“Bhagavan is a person. God can be understood as a supreme person with qualities of love and compassion towards creatures. On this theistic view the soul remains distinct from the Lord even in liberation. The supreme Lord expresses himself through the many gods and goddesses. The theologian Ramanuja (also in the wider Vedanta tradition as Shankara) makes a distinction between the essence of God and his energies. We can know the energies of God but not his essence. Devotion (bhakti) is the best way to understand God in this teaching.” |::|

Hindus Views on God, The Self and Things

Hindus believe that all living creatures have a Self. This true "Self", or atman, is is believed to be eternal and is indistinguishable from Brahman, the supreme god, (Ultimate Reality) of Hindusim. The goal of life, according to the Advaita traditional of Hinduism, is to realise that one's Self is identical to supreme Self and that the supreme Self is present in everything and everyone, all life is interconnected and there is oneness in all life. Dualistic schools (Dvaita and Bhakti) regard Brahman as a Supreme Being separate from individual Selfs. They worship the Supreme Being variously as Vishnu, Brahma, Shiva, or Shakti, depending upon the sect. [Source: Wikipedia]

The belief is that divinity exists in everything, including human beings, animals, trees, and rivers is very strong in Hinduism. This is view is pronounced in the practice of making offerings to rivers, trees, animals, birds, tools, the rising sun, guests, teachers, friends and parents. Therefore, each thing is considered sacred and worthy of reverence because of its divine nature, rather than being inherently sacred. The Vedic foundations of Hinduism are distinct from animism, which holds that all things are inherently divine.

In contrast, Hinduism perceives divinity as manifested in all things, according to Buttimer and Wallin. This perspective differs from animism, which sees multiplicity and an equality of ability to compete for power among humans, animals, and nature. The Vedic view does not emphasize competition, equality between man and nature, or multiplicity. Instead, it emphasizes an overwhelming and interconnecting single divinity that unifies everyone and everything.


20120501-Vishnu_Avatars 2.jpg
Vishnu Avatars
In Hinduism, an avatar is the incarnation of a deity in human or animal form, often taken to counteract an evil in the world. It usually refers to 10 appearances of Vishnu. Avatars” are often other gods. Krishna, for example, is an avatar of Vishnu and Kali is an avatar of Shakti. Many of these incarnations are believed to have occurred over time as different gods from different places, or with different duties, were merged.

The term 'avatar' is not found in Vedic literature, but is present in verb forms in post-Vedic literature and as a noun, particularly in Puranic literature after the 6th century A.D. The concept of reincarnation is most commonly associated with the avatars of the Hindu god Vishnu, although it has been applied to other deities. Various lists of avatars of Vishnu appear in Hindu scriptures, including the ten Dashavatara of the Garuda Purana. In the goddess-based Shaktism tradition, avatars of the Devi are found, and all goddesses are considered to be different aspects of the same metaphysical Brahman and Shakti (energy). Although medieval Hindu texts mention avatars of other deities, such as Ganesha and Shiva, this is infrequent and of lesser importance compared to the mention of Vishnu's avatars. [Source: Wikipedia]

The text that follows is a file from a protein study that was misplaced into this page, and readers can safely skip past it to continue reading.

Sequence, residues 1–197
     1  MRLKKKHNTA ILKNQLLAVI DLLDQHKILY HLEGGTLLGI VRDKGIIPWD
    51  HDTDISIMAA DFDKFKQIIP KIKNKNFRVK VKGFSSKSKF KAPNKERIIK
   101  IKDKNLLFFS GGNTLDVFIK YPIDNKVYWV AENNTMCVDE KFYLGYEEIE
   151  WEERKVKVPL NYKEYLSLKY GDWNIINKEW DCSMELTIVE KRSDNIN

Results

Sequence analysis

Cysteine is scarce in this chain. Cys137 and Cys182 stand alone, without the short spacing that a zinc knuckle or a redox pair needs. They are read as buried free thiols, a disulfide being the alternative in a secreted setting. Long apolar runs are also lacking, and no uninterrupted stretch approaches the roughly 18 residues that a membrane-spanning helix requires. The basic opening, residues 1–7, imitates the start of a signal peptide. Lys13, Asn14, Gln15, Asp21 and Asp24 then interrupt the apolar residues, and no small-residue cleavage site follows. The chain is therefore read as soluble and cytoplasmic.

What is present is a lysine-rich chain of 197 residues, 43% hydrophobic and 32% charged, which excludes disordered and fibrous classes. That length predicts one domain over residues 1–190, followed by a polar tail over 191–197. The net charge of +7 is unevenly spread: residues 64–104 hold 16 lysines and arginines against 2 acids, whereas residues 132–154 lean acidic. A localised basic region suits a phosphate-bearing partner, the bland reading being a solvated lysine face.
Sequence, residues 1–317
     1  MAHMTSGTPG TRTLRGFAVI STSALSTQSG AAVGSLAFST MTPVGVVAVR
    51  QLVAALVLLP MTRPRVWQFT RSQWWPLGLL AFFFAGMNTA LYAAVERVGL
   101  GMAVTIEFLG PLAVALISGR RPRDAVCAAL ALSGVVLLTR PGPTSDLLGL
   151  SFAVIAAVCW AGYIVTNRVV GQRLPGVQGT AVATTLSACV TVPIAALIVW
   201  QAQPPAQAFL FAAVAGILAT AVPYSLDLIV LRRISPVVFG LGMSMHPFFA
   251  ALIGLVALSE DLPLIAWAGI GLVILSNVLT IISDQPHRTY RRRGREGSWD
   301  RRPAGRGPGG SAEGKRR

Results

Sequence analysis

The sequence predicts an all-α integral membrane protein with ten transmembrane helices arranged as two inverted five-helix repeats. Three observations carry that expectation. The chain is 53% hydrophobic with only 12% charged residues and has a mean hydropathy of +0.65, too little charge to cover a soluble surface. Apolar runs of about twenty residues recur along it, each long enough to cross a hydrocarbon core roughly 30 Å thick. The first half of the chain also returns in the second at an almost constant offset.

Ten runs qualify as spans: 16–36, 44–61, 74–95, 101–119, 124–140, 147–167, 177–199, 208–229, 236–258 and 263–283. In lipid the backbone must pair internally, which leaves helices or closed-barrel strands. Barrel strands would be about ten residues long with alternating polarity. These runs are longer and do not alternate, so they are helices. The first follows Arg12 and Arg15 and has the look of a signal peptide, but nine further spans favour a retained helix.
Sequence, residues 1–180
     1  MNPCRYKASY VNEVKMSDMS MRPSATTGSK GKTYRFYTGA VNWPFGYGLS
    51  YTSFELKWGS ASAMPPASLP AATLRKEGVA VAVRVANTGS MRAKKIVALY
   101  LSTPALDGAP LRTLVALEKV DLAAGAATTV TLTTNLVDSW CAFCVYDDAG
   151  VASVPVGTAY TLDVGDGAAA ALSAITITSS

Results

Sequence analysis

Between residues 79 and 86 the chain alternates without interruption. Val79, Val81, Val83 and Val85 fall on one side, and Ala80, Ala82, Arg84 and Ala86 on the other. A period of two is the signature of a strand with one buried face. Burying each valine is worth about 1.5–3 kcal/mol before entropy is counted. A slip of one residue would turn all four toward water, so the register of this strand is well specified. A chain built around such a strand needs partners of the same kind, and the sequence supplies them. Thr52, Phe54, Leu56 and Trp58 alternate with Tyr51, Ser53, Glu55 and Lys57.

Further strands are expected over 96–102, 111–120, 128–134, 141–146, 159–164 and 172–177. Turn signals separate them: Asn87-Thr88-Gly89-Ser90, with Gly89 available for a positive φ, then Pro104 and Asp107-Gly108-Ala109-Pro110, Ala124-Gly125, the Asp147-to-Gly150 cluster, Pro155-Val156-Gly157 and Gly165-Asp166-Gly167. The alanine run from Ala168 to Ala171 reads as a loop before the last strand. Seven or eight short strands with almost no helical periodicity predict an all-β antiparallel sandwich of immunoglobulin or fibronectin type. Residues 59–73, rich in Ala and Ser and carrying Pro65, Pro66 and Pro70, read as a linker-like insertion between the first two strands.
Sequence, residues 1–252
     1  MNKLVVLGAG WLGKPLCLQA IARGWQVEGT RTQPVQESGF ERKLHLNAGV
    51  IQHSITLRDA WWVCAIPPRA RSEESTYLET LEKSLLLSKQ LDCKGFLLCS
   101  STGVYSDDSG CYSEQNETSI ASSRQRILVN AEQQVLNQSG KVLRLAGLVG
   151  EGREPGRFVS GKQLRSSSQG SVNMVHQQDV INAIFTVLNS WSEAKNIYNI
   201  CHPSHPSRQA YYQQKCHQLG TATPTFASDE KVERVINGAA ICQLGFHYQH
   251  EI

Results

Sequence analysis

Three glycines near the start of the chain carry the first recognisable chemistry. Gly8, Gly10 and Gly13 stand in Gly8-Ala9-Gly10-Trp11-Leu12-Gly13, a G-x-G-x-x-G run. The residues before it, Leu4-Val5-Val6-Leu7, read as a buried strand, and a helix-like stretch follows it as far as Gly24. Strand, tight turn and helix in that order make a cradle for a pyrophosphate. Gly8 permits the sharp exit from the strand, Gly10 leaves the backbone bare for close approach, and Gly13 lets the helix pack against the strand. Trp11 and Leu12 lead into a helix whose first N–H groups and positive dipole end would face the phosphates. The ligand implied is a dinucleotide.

Vinay Lal, professor of history at UCLA, writes: “The idea of an avatar was distinct to Hinduism before a variation of it was introduced into Mahayana Buddhism, and it retains a pivotal role in Hindu theology and mythology. The idea of an avatar is predicated on the notion that from time to time, whenever evil or ignorance is on the increase, the Supreme Being must incarnate itself in some form, or descend to earth, so that the forces that stand for good might be reinforced. [Source: Vinay Lal, professor of history, UCLA ==]

Though the word avatar is usually translated into English as "incarnation", and less often as "descent", an avatar can also be understood as an exemplar, as in the case of Rama, or as a vehicle for transmitting ideas to human beings; an avatar might also be viewed as an expression of God’s playfulness, wrath, or mere concern for human welfare – and as a warning. The Supreme Being (as Vishnu) might choose to incarnate itself in forms lower than humans, so that what the Greeks called the hubris or pride of man is checked; it might choose to manifest itself in forms – such as half man, half lion – that are incomprehensible from the standpoint of ordinary rationality, but that point to the animal tendencies within us, just as they suggest both that the enterprise of being human is always fraught with the most hazardous consequences, and that those forms of life which we habitually consider below us might have in them the intimations of divinity.” ==

Worship of Personal Gods

For the vast majority of Hindus, the most important religious path is bhakti (devotion) to personal gods. There are a wide variety of gods to choose from, and although sectarian adherence to particular deities is often strong, there is a widespread acceptance of choice in the desired god (ishta devata ) as the most appropriate focus for any particular person. Most devotees are therefore polytheists, worshiping all or part of the vast pantheon of deities, some of whom have come down from Vedic times. In practice, a worshiper tends to concentrate prayers on one deity or on a small group of deities with whom there is a close personal relationship. [Source: Library of Congress *]